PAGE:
Improving your sports performance with refractive surgery
During my career as a surgeon, I have treated both amateur and professional athletes who chose refractive surgery to correct their vision problems and ultimately improve their sports performance.
For people who practise sports, having good vision is fundamental to unlock their physical and athletic potential. Many athletes suffering from vision problems find that contact lenses, while being more practical than glasses, have their limitations too, since specific environmental conditions, excessive use, and the risk of infection may lead to contact lens intolerance. What is more, usually contact lenses do not fully correct one’s vision problem. Imperfect vision creates behavioural patterns that slowly become a standard reaction to stimuli, according to the principle “best result with least effort”. In this way, people may even develop incorrect posture to compensate for their vision problem.
For example, if one of the muscles that directs the eye movement does not work properly, maintaining a binocular vision will be more difficult; patients will compensate by rotating their head, which may have negative effects on their back or knees. The same problem is found in astigmatic patients, who tend to tilt their heads to see better if their deficit is not treated properly (as often happens with contact lenses).
These wrong postures may significantly affect the performance of professional athletes, and this is why they choose refractive surgery.
During my thirty-year career, I have conducted studies on a group of athletes who had undergone refractive surgery to assess whether, and how, it affected their sports performance. I compared the results before and after surgery using a DELOS stabilometric board – a device consisting of an electronic rocking board on which the subjects must keep their balance under different conditions.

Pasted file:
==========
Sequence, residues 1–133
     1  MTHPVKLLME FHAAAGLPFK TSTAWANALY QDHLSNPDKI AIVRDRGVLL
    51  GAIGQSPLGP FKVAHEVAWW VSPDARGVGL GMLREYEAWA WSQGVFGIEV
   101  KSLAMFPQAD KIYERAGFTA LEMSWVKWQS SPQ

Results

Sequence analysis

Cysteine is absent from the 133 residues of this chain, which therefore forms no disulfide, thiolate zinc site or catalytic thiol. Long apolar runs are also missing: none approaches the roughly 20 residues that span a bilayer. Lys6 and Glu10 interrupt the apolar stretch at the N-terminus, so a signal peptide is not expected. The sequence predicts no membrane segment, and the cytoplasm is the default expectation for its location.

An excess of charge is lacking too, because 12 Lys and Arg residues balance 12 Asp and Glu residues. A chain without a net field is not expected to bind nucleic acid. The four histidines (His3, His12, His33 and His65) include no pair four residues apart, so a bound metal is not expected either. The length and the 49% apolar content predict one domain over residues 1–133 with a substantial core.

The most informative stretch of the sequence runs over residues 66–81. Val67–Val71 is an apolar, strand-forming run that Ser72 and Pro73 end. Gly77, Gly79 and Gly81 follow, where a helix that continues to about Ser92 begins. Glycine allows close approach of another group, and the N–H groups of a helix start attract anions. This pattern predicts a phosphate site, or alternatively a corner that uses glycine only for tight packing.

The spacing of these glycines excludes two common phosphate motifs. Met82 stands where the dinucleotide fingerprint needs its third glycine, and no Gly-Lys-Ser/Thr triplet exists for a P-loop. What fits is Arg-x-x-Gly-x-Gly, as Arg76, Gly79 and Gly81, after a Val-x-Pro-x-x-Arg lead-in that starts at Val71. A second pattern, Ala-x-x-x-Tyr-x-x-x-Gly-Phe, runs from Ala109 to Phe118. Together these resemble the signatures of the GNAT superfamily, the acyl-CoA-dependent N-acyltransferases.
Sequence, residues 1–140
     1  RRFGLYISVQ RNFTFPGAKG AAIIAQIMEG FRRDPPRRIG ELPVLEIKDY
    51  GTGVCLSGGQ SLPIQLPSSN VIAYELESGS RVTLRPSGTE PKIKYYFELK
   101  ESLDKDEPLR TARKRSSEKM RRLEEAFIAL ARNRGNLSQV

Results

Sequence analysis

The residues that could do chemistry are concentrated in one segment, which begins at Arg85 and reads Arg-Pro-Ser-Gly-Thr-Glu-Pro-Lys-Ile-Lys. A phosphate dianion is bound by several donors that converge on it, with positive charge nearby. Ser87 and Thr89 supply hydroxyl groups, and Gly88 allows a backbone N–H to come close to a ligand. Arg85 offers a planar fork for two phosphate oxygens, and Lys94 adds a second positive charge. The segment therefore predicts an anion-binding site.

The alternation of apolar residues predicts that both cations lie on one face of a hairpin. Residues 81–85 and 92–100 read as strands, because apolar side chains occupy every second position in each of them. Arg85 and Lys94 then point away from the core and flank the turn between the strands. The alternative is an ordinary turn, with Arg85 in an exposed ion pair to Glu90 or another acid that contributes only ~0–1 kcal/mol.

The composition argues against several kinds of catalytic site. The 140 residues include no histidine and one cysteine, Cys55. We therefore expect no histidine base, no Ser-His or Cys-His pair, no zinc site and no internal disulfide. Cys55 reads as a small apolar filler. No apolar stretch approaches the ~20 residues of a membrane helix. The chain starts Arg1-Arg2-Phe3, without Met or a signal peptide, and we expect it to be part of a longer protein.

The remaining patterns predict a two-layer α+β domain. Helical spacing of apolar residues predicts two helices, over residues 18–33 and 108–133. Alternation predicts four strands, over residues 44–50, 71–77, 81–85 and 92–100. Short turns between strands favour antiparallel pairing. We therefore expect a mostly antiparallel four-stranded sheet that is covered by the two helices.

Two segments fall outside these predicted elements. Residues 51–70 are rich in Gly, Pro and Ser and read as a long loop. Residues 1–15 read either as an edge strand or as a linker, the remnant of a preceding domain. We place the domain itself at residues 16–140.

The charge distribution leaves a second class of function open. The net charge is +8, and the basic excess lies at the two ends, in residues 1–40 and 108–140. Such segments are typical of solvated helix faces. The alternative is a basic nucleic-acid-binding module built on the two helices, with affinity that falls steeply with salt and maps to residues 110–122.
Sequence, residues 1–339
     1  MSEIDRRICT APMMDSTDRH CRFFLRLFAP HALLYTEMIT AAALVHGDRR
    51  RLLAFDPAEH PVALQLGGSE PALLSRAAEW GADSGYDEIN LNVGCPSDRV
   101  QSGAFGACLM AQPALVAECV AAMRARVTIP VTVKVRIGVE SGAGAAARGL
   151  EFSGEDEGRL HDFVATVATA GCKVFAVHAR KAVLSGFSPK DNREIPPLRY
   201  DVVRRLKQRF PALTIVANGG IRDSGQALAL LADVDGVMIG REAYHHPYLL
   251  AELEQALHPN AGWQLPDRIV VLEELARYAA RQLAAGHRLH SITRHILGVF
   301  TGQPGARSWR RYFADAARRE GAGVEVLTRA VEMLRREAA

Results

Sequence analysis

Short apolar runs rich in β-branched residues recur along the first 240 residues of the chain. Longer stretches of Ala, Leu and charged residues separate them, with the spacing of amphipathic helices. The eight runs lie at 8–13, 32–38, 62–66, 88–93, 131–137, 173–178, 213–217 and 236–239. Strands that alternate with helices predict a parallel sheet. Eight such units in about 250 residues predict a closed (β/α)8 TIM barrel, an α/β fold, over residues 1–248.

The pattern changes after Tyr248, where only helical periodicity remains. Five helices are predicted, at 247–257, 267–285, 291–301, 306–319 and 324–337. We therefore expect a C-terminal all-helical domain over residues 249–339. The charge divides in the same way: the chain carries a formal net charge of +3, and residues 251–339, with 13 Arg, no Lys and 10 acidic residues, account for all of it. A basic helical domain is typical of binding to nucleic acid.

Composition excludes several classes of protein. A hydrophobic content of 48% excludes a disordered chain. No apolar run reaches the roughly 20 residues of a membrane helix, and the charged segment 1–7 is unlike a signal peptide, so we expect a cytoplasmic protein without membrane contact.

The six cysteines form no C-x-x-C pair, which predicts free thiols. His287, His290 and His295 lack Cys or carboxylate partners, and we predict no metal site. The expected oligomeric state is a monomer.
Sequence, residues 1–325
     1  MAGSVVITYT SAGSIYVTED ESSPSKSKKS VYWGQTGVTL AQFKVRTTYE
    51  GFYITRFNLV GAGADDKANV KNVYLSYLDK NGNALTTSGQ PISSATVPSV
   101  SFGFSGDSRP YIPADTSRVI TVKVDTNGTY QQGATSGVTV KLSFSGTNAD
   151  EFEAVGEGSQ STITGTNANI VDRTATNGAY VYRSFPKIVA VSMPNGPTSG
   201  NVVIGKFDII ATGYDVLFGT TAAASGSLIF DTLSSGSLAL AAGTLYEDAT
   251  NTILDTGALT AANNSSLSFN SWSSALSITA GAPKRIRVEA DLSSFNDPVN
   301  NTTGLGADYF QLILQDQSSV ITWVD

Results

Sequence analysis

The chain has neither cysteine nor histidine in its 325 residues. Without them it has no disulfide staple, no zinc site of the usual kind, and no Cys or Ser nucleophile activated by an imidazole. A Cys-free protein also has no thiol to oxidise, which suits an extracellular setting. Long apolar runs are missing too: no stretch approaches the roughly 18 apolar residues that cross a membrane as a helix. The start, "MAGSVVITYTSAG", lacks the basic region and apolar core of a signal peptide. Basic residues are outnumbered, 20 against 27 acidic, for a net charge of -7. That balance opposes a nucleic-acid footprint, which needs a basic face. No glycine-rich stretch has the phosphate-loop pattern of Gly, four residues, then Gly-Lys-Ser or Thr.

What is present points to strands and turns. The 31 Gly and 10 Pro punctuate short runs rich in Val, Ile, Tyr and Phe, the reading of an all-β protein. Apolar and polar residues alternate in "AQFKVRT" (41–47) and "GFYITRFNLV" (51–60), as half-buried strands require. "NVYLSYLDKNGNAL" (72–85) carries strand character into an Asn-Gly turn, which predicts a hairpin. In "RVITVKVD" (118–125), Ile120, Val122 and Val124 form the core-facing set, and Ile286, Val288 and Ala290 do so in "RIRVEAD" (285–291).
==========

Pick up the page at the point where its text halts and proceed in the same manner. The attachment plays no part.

This system is connected to a monitor that gives real-time feedback, as the patient is faced with an increasing number of biomechanical situations. More specifically, it increases the flow of high-frequency proprioceptive signals that can reprogram the posture and movement monitoring system. This improves the strength of stabiliser and directional muscles that are tasked with controlling movements in terms of precision and effectiveness. This system also prevents overtraining, traumas and injuries, stabilising the joints of lower limbs, shoulders and rachis by minimising any unnecessary movements that may alter postural stability.
After fully correcting the vision problem, we noticed a better postural stability which then improved the sport performance and reduced the risks of muscular injuries that were due to poor posture.
The study and the results achieved allowed me to devise a 2-step procedure designed for all professional athletes. The first step consists in choosing the most suitable type of surgery with the aid of the PSP (Personal Sportsman Profile) integrated platform designed by me, which allows the surgeon to achieve a visual result greater than 10/10 and a stable and precise vision that can adjust to any variation of light. Then I use Visual Training, which is specifically designed for each individual athlete with the support of professional technicians. The objective is to improve hand-eye and foot-eye coordination by reducing the visual-motor reaction time, thus improving the muscle activation time and allowing athletes to improve their performance.
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